Cultural outing @Mogoșoaia, a beautiful Romanian castle & domain
Romania is a very beautiful country with a lot of potential. I know it, my husband knows it, my colleagues, friends and family members know it. Some Romanian people know it. Some foreign people who have travelled to the country or seen some pictures know it. But it’s far from being a worldwide known piece of information. Even if during the past few years many travel websites have pointed it out in their travel guides or bucket lists.
On our website – in the category called “Places”– we try to highlight the most beautiful spots in Romania, may they be regions, cities, villages, markets, restaurants, biking trails, trekking paths, etc. It is very important to share with others the knowledge that we have about our country. And to promote beautiful places. Especially if they are culturally relevant and offer quality products, services and experiences. Or if they emphasize certain characteristics of the Romanian culture, identity and style.
This is the case of Mogoșoaia. A green and peaceful domain with big beautiful gardens surrounding a Romanian church and castle, as well as a restaurant with a very beautiful architecture in the typical Brâncovean style (also called the Romanian Renaissance style, inspired from the Italian architecture with red bricks).
About the geography and history of this remarkable Romanian castle
The Mogoșoaia domain (Strada Valea Parcului 1, Mogoșoaia, Romania), located at only 10 km from the city center of Bucharest, is amazing. The castle (“palat” = palace in Romanian) was built in between 1698-1702 by Constantin Brâncoveanu, prince of Wallachia (Wallachia = “Țara Românească” in Romanian, a region in the southern part of Romania).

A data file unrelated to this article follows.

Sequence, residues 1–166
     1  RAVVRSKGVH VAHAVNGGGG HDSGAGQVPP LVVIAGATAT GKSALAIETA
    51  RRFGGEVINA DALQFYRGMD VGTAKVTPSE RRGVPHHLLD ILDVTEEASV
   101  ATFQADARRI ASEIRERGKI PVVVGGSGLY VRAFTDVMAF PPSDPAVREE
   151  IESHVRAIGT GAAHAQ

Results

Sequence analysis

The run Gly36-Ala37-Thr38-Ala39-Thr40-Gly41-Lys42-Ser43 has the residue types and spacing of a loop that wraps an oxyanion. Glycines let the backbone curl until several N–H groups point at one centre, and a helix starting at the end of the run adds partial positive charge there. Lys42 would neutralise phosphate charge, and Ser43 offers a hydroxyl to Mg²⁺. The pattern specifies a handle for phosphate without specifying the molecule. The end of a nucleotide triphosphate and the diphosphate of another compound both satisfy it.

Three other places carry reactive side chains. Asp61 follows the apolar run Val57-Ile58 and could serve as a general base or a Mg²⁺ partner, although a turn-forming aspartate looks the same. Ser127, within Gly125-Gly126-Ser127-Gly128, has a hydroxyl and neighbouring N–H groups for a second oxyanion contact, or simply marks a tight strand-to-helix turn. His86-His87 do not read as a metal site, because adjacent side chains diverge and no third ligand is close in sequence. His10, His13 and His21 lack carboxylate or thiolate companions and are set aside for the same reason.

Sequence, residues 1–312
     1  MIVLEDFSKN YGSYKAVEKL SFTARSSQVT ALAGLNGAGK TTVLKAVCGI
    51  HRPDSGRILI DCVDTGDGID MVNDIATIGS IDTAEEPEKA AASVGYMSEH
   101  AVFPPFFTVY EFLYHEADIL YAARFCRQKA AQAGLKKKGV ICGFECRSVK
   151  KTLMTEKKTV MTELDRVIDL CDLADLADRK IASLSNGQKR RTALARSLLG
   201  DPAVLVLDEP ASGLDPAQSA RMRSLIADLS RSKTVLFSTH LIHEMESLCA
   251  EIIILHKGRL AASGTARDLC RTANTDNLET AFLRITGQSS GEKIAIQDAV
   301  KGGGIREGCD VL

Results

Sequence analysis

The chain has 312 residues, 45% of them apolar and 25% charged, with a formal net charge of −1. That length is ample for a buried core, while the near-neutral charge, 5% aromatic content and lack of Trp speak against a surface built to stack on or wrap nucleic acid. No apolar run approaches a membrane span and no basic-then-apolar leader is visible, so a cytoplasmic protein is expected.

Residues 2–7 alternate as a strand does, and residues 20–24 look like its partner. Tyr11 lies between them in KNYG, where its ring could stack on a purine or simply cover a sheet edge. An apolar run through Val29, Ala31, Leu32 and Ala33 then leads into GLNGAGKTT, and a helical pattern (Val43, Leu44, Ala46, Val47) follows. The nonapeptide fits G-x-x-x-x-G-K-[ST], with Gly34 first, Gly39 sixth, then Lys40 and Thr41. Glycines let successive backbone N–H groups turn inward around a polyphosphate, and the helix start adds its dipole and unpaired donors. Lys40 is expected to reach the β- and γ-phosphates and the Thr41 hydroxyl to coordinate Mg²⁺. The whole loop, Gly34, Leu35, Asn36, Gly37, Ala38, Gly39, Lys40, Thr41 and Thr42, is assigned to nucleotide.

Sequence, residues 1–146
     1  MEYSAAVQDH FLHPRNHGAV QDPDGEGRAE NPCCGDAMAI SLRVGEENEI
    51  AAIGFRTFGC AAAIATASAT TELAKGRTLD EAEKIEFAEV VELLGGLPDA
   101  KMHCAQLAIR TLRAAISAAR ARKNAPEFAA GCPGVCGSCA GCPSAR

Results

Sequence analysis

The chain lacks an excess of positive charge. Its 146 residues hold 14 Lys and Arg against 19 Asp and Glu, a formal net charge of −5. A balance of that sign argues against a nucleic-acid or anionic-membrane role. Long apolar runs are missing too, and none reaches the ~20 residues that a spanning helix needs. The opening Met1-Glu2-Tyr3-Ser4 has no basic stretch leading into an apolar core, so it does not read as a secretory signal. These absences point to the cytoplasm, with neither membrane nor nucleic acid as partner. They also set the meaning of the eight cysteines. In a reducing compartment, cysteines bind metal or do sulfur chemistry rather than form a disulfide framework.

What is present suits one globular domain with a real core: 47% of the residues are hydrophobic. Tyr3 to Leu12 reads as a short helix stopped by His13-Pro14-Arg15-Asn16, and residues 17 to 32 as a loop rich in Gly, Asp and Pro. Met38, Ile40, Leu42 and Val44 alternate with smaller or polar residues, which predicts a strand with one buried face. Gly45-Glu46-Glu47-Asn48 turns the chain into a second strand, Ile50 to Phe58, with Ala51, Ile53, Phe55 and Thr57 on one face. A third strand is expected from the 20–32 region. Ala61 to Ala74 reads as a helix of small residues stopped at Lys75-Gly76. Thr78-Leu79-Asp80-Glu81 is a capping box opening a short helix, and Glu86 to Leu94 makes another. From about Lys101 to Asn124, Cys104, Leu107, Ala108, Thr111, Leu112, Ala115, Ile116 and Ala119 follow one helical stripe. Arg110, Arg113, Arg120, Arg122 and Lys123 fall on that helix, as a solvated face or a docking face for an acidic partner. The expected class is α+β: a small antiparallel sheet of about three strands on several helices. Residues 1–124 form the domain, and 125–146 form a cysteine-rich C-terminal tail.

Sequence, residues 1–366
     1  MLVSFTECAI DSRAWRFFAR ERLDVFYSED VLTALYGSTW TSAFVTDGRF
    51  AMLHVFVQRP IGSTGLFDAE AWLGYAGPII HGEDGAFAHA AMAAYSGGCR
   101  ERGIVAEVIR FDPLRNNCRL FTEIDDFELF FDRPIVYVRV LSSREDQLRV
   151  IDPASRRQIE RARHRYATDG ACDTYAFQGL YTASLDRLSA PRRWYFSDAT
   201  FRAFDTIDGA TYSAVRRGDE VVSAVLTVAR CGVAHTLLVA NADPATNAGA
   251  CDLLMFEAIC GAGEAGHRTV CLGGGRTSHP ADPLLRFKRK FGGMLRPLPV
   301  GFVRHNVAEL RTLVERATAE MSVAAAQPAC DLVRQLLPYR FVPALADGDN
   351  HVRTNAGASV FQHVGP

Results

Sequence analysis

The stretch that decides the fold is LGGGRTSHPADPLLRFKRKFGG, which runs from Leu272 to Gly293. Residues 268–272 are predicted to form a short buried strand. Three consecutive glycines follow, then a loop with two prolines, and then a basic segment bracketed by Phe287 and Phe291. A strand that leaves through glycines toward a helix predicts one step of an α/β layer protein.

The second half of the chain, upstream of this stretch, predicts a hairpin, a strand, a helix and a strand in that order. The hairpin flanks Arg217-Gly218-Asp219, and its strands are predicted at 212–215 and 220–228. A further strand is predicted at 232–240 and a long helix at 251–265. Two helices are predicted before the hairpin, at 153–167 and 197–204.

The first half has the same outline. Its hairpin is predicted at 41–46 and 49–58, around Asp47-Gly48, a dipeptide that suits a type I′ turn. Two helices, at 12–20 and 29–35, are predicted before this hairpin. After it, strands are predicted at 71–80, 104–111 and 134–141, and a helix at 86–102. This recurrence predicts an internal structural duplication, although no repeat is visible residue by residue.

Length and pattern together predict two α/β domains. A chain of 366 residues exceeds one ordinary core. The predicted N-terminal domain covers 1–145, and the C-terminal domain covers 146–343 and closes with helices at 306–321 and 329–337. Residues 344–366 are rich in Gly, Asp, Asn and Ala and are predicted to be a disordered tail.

Accross time, the property was an Ottoman inn. Bombed by German Air forces in 1916, it was then reconstructed to become later on the meeting place for politicians and aristocrats. Communists nationalized it during World War II and it became a museum in 1957.
Nowadays, the Romanian castle, the church and the gardens are open to tourists worldwide. And the restaurant often hosts private or cultural events of all sorts: exhibitions, festivals, conferences, salloons, business lunches or diners and other sorts of private events.
About the leisure or cultural activities one can organize at Mogoșoaia
This summer (in August 2017) we have organized an absolutely amazing cultural afternoon for a group of French people that were visiting Bucharest. With the help of Mrs Ana Paulina and the rest of the events team working there, we organized a great typical Romanian lunch. The lunch was accompanied by a local wine tasting session, as well as the visit of the gardens and the castle.
The event was a success. The guests appreciated the quality of the service, the food and drinks, as well as the beauty of the domain. During the entire afternoon, they could eat in a unique and absolutely amazing setting, in a private area of the domain. They could taste the various Romanian wines in a room with a charming Romanian decoration. And they could also visit the castle, learn about the ‘Brâncovean’ style and history of the place.
Therefore, if you find yourself in Bucharest or nearby, we strongly recommend visiting the domain. It is appropriate for all kinds of activities. In spring, summer or autumn, you can take a nice afternoon walk in the gardens and sit by the lake to admire the view. Or you can visit the castle and the church and learn more about the history of Romania and Constantin Brâncoveanu. You can celebrate personal or corporate events and have lunch or dinner in a completely stunning scenery. And of course you can take some memorable pictures at any time of the year.
For a casual Sunday walk or a visit to the castle, you don’t need to book in advance. But if you want to organize a group event of any kind, you might want to check out the information available on their website (the website is only in Romanian though) and write an email asking for more details to the following email address: email@example.com.
*The pictures were taken by Romanian photographer Oana Gociman